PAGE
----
DUBLIN (Reuters) - Ryanair (RYA.I) said on Monday it would cut ticket prices aggressively this winter and lifted its annual growth target by a third to 12 million new passengers, heaping pressure on rivals who are struggling to compete on costs.
The Irish budget airline, which already carries more passengers than any other European airline, is planning “very aggressive pricing” with average fares set to fall by up to 8 percent in the six months to March 2016, Chief Executive Michael O’Leary said.
The move comes days after higher-cost rival Air France-KLM (AIRF.PA) said it would accelerate restructuring plans and Germany’s Lufthansa (LHAG.DE) announced new low-cost style fares on Monday in a sign it too is feeling the pressure.
Ryanair announced a 25 percent jump in profit for the three months through June, although it disappointed some investors by not lifting its profit guidance for the full year through March despite strong summer bookings.
The winter price cuts could also prove bad news for easyJet (EZJ.L), which Ryanair is targeting in a major push to improve customer service and expansion into mainstream airports that it has traditionally left to its English rival.
“I think this winter they will push capacity aggressively into certain markets ... and if there is an airline that should be concerned, it’s probably easyJet (EZJ.L),” said Goodbody Stockbrokers analyst Mark Simpson.
Shares of easyJet, Air France-KLM and Lufthansa were all down by around 1 percent at 1015 GMT.
Aping Ryanair, Lufthansa said on Monday that its new fares to take effect from October will see customers pay extra depending on the amount of luggage, whether they wish to book a seat in advance, and if they need a flexible ticket.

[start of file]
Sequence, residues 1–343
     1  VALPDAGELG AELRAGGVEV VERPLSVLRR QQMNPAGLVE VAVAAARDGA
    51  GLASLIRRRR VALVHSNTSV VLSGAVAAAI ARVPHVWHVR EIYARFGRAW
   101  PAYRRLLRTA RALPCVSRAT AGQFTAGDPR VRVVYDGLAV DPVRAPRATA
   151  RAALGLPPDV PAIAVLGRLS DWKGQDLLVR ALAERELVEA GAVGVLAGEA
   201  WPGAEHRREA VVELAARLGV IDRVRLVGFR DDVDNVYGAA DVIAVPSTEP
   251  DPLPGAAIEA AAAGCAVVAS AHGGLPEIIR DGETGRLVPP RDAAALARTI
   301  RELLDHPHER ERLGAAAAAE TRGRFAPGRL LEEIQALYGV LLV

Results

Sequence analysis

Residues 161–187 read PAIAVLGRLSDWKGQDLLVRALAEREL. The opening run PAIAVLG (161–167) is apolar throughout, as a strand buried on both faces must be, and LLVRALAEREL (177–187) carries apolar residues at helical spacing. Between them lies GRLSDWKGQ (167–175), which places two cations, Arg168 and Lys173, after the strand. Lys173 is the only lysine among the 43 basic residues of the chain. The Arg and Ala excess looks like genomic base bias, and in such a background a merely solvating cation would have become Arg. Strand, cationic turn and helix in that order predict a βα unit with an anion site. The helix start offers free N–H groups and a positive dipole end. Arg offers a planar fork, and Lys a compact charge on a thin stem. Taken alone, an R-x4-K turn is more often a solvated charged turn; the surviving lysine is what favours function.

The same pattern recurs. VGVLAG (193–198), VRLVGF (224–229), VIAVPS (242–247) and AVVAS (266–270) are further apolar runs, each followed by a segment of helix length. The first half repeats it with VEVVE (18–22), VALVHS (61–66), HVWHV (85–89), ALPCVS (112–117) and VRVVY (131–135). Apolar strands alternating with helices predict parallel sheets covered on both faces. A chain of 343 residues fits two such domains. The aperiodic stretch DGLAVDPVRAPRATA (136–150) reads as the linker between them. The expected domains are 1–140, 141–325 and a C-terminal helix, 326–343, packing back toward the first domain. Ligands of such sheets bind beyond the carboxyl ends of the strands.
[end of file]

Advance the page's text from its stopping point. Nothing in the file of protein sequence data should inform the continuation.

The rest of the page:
Ryanair said profit after tax for the full year would be at the higher end of its forecast of 940 million to 970 million euros given in May.
It said it was being cautious due to poor visibility and that it was “too early in the year” to change its full-year profit guidance. That sent its shares down 3 percent on opening, though they later pared losses to 1 percent.
After previously warning that summer fares in the six months to the end of September could fall by up to 2 percent, the airline said it now expected them to be flat, giving it the financial firepower to be aggressive in the winter.
“We’re going to use some of the slightly better (first-half) performance ... to pass on very aggressive pricing so that we fill 15 percent capacity growth in the second half,” O’Leary said in a video statement.
Lower fuel prices will also help, providing a reduction of 7 percent in costs per seat, he said.
The airline plans to ground 40 planes this winter compared to 50 last year and it expects to fill 90 percent of its seats, up from 88 percent last year, the company said in a statement.
Profit for the three months to the end of June, the first quarter of the company’s financial year, was 245 million euros, up 25 percent year on year, and just short of a 249 million forecast in a Ryanair poll of analysts.
Ancillary revenue in the quarter was up 9 percent, lagging traffic growth of 16 percent in part due to lower charges for checked baggage following a decision to allow a second small bag in the cabin for free, O’Leary said.
Ryanair said it now expected to carry 103 million passengers this year, up 12 million from last year. In May it had forecast an increase of only 9 million.
Additional reporting by Victoria Bryan; Editing by Jason Neely and Susan Fenton